May 9

This Day in History

Automotive

May 9, 2008:

"Speed Racer" movie released

On this day in 2008, "Speed Racer," the big-budget live-action film version of the 1960s Japanese comic book and television series "MachGoGoGo," makes its debut in U.S. movie theaters.

Warner Brothers, the studio behind "Speed Racer," brought on Larry and Andy Wachowski, the brothers who created the blockbuster science-fiction hit "The Matrix" and its two sequels, to write and direct the long-awaited movie. Emile Hirsch starred in the title role of Speed, an 18-year-old driver whose family's business is building race cars. Speed is trying to live up to the memory of his older brother Rex, who died in an accident while competing in a notoriously tough cross-country rally known as the Crucible. Before his death, Rex had appeared to cheat in a race, and Speed yearns to clear the family name. When the Racer family's rival, Royalton Industries, makes him a rich offer to join the company's racing team, Speed refuses, infuriating Royalton's corrupt owner. In order to defeat Royalton and save his family's business, Speed must team with his onetime rival Racer X and take on not only the Crucible, but also the mighty Grand Prix.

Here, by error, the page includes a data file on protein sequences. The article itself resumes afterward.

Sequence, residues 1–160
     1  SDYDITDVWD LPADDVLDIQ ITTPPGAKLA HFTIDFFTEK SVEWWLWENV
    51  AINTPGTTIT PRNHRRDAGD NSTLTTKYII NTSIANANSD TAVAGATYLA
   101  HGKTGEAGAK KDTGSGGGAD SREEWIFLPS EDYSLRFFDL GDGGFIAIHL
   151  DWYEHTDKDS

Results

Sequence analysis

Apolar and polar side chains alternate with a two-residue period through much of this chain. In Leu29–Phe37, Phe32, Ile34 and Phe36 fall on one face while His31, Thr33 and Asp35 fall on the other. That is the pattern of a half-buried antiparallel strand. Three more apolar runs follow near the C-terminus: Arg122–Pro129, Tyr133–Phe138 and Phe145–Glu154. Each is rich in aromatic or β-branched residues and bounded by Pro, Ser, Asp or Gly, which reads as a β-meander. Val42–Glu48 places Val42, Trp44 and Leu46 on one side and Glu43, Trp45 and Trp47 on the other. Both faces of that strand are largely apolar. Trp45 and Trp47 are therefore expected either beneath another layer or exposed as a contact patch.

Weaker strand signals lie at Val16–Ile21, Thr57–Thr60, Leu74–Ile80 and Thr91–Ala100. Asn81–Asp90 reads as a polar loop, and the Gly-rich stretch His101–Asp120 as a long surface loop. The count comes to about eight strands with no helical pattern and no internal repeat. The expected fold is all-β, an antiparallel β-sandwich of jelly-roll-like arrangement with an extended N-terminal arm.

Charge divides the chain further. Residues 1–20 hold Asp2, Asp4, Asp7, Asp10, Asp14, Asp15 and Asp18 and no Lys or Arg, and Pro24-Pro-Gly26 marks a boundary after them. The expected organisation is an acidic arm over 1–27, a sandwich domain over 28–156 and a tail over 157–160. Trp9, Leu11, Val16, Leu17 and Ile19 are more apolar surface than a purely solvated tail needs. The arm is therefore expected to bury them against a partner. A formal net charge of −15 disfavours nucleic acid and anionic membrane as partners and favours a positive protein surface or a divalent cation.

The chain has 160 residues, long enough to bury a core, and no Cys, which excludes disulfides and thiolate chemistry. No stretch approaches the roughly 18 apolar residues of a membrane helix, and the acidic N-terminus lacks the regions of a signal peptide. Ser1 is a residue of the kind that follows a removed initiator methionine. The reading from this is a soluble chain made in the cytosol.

Christina Ricci, John Goodman, Susan Sarandon and Matthew Fox co-starred in "Speed Racer" alongside Hirsch. Another key cast member was not an actor but an automobile: the mighty Mach 5, a race car designed and built by Speed's father, Pops Racer. As in the American version of the comic, the sleek Mach 5 used in the film is white with red accents, bears similarities to an early Ferrari Testarossa and is outfitted with an array of special features, including jacks that automatically boost the car, allowing for easy repair; rotary saws that protrude from the front tires; and a deflector that seals the driver into a crash-proof container. As part of the publicity for the Wachowskis' "Speed Racer," the Mach 5 went on display in January 2008 at the North American International Auto Show in Detroit, Michigan. As reported in USA Today, however, the car saw little real action on the track. During filming, it was attached to a crane, and most of the effects for the racing scenes were computer generated.

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